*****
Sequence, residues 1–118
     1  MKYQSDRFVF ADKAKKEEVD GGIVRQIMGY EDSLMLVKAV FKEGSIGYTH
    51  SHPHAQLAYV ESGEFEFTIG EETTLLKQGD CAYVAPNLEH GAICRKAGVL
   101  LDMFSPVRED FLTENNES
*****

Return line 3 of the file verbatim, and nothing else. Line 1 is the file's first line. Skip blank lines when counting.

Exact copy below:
    51  SHPHAQLAYV ESGEFEFTIG EETTLLKQGD CAYVAPNLEH GAICRKAGVL